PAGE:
Riding their recent surge in popularity, creators and publishers of middle-grade and YA graphic novels had a strong presence at Comic-Con in San Diego. HarperAlley, HarperCollins’s young readers graphic novel imprint, sponsored the Eisner Awards, and Scholastic, whose Graphix line dominates the middle-grade graphic novel market, had a large and well-stocked booth.

While there were no big announcements, comics for young readers had a prominent presence on the exhibit floor and in the panel rooms. Scholastic was promoting its upcoming titles, including Gale Galligan’s Freestyle and Jamar Nicholas’s Leon the Extraordinary. Marvel and Abrams collaborated on a panel on bringing Marvel comics classics to young readers, and Heavy Metal executive editor Joe Illidge moderated a panel on “Real Comics, Real Issues” that included Jerry Craft (Class Act), Johnnie Christmas (Swim Team), Terri Libenson (Remarkably Ruby), Laura Gao (Messy Roots), and Yehudi Mercado (Chunky Goes to Camp). Tapas Media, a webtoon platform that hosts comics for readers of all ages, featured Magical Boy at its booth; the YA graphic novel is published in print by Graphix.

The YA title Run: Book One, the successor to the late John Lewis’s March, took the award for Best Graphic Memoir at the Eisner Awards, and co-creators Andrew Aydin, Nate Powell, and L. Fury joined Lewis’s son John Miles Lewis at the Abrams booth the next day for an autograph session. In previous years, Lewis cosplayed as his younger self at his panels, leading a children’s march across the convention center wearing a trench coat and carrying a knapsack containing a toothbrush, an apple, and a bible, the same gear he had during the march on Selma in 1965. This year, the march was held as a memorial to Lewis, who died in 2020.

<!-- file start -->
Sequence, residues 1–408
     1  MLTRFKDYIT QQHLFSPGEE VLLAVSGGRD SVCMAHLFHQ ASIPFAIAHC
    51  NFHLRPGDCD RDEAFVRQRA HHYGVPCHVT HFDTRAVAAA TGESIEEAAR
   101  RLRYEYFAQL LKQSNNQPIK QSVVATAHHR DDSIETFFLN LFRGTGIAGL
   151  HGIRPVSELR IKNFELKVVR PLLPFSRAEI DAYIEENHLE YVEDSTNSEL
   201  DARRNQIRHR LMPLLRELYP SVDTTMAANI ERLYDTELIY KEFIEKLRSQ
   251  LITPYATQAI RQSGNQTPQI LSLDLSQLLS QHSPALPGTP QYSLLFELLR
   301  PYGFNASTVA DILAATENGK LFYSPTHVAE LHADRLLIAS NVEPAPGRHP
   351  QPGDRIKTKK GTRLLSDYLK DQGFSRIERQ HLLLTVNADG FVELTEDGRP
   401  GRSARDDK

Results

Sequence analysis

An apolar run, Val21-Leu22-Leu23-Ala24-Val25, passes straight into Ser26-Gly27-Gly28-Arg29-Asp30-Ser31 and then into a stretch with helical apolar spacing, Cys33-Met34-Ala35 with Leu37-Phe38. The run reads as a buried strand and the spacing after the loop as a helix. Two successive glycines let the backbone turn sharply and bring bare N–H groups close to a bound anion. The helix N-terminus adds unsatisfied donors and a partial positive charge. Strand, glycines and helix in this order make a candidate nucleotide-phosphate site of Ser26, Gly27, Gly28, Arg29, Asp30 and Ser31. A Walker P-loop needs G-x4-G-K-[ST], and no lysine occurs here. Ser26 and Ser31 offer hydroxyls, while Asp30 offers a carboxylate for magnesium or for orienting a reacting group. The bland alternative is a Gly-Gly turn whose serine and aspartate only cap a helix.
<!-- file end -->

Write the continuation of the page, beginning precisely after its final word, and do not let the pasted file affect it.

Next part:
The Eisner Award for Best Publication for Early Readers went to Julie and Stan Sakai’s Chibi Usagi: Attack of the Heebie Jeebies, a children’s adaptation of Stan Sakai’s long-running Usagi Yojimbo. Salt Magic by Hope Larson and Rebecca Mock took the award for Best Publication for Kids (ages 9-12), and Shing Yin Khor’s The Legend of Auntie Po won the award for Best Publication for Teens.

One topic of serious discussion, in panels organized by the Comic Book Legal Defense Fund and others, was the recent surge in challenges to books for young readers in school and public libraries. In a panel for librarians, Moni Barrette, president of the American Library Association’s Graphic Novel and Comics Round Table, stated that there were a total of 729 book challenges in 2021, up sharply from 156 in 2020 and 377 in 2019. Cartoonist Jeff Smith, whose Bone graphic novel has been challenged many times, offered an explanation for the increase: “It would be one thing if it was actual parents standing up and being very concerned, but I don't believe that,” he said. “There's a script, and they use the exact same words over and over, and they're oftentimes not even from that district. So I feel that this is an insidious effort.”

The way to counter this, Barrette said, is for those who oppose the challenges to make their perspective heard as well. “The people who are challenging are really loud,” she said, “and when they come en masse to the school board or city council meeting, those might be the only voices they hear unless you speak out.”